property owners, and their annual budget is three million dollars. This
Business Improvement District (BID) provides maintenance, security and
marketing services to the members, and it has been recognized as a most
successful model for BIDs across the state. Kent received a masters degree
from the University of Calgary, and is classified as an ‘Alien of
His District includes 550 property owners in an 82-block area, who have
voted to tax themselves to provide the BID services. They have provided
100,000 jobs in south central LA, generating seven billion dollars in sales
annually. The Fashion District has operated since 1995, were renewed for
another five years, and they expect to operate for a third five year term.
Contemporary women’s fashion starts here – the designers have their studios,
patterns and samples are created here. They may show in NY, but as an
example, BeBe’s decision to move their headquarters to LA from San Francisco
in 2002 demonstrates the way the growth is proceeding. A major center is the
California Mart, with 3 million square feet, half of which is now composed
of gift and home furnishing showrooms. Nine buildings in and around 7th and
Los Angeles Streets will be converted to residential – the first floor being
commercial, with housing above.
of the district is devoted to wholesale, while the remaining 25% is a
vibrant retail scene in and around Santee Alley. Saturday is their busiest
day – it’s worth a visit! Their pedestrian traffic is similar to Third
Street Promenade, and their traffic has tripled since 1996. There are no
chain stores – only individual retailers (and a number of wholesalers, who
will also sell to passers-by). 72% of their budget is dedicated to clean and
safe services. There are 29 members of the clean-up team, and they collected
over 2,600 TONS of trash in 2002. They removed over 7,700 graffiti tags –
none stays up more than one day. There are 22 officers on the Safe Team,
usually on bikes in pairs. They responded to over 50,000 calls for
assistance in 2002 – a big help to the LAPD. As an aside, they even reunited
a number of lost children with their families – these people are busy! Crime
rates in the district are comparable to Woodland Hills and Brentwood. Kent’s
conclusion – “Our BID helped make all these things happen – it’s amazing
what a bunch of property owners can do when they put their minds to it.”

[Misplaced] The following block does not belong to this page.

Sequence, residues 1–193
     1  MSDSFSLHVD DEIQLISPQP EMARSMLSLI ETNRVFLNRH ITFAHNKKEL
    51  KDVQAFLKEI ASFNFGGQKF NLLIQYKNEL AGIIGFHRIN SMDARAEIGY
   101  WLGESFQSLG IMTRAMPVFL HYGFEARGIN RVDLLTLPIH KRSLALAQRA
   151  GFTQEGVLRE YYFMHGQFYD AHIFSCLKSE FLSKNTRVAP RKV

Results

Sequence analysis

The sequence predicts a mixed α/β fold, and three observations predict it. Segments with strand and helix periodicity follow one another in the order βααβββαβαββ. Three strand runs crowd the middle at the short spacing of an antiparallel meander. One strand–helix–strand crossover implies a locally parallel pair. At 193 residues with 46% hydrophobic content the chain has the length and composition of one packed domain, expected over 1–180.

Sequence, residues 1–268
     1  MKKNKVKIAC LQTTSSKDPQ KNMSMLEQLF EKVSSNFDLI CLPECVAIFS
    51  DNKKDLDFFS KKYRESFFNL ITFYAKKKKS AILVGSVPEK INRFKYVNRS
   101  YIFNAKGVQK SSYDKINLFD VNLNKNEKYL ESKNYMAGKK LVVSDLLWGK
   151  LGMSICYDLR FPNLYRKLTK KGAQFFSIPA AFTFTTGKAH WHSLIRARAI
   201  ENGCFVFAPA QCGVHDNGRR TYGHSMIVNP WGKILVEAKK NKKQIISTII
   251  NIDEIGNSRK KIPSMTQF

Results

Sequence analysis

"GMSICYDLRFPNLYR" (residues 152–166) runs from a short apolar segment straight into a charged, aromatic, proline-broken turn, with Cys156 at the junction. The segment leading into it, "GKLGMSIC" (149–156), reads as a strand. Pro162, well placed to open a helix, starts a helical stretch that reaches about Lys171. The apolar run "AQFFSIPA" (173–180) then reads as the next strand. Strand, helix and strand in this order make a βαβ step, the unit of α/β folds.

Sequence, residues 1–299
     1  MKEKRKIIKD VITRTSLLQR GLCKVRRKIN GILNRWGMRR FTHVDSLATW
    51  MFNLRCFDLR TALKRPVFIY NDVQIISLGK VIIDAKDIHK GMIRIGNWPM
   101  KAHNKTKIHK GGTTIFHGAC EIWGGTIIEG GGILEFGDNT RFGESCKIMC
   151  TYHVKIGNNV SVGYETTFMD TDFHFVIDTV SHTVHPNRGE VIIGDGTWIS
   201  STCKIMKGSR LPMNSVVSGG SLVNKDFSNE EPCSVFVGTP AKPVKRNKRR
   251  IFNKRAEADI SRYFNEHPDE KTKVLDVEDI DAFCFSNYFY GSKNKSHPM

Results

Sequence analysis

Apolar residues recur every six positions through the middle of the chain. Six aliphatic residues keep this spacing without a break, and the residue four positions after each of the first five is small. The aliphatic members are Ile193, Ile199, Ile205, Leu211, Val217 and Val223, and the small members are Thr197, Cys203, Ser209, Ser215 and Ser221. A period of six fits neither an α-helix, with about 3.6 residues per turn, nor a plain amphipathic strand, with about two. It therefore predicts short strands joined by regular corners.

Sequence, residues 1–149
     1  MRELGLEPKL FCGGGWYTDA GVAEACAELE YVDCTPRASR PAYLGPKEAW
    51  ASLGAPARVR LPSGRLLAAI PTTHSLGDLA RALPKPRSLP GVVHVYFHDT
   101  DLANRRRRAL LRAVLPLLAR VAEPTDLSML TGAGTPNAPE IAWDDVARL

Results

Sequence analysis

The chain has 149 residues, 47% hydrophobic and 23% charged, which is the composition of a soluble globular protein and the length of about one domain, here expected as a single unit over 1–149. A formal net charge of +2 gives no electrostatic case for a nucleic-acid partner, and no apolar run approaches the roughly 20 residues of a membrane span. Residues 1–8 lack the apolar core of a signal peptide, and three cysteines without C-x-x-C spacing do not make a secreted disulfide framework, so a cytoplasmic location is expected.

Q&A – RAX ZICKFELD, What has happened to property values? They continue to
increase, based on commercial and residential mix of usages. Boundaries? –
north, 7th and 5th streets, Main Street, San Pedro and the Ten Freeway.
ELLIOTT TURNER – How are occupancy rates? When they started, there was a
30% vacancy factor – it is now less than 10%. SUSAN ALLEN – What are some
examples of what you do? We do things to supplement city services – for
instance, we trim the trees every two years, rather than the city average of
seven years. PP
MIKE NEWMAN – Do you have a problem with false labels?
Yes, but we have had some success in shutting down copies. LILLIAN KLIEWER –
How are you funded? The cost is added to tax bills – this after a vote, plus
signatures of 50% or more of the property owners, and ALL must contribute.
YOE – What is your breakdown of properties? There are 1000 parcels of land,
owned by 550 different people. SHARON RHODES WICKETT – How do you interface
with the many homeless in the area? All are treated with dignity, and we
recognize that many of them are mentally ill. We try to get them matched up
with agencies that can help. We are working at it. RESTROOMS? This is
a big problem, but some have been built on rooftops, with an attendant on
duty. This is a real need, and a tough problem. Prexy TED – What are other
nearby BIDs? The Jewelry mart, Hollywood Blvd, 3rd Street Promenade, and Old
Town in Pasadena, to name a few.
Conclusion – this is a going concern, and it’s fun to go down on a Saturday,
in particular. Kent, thanks for telling us your success story.
YOE, Ernie Wolfe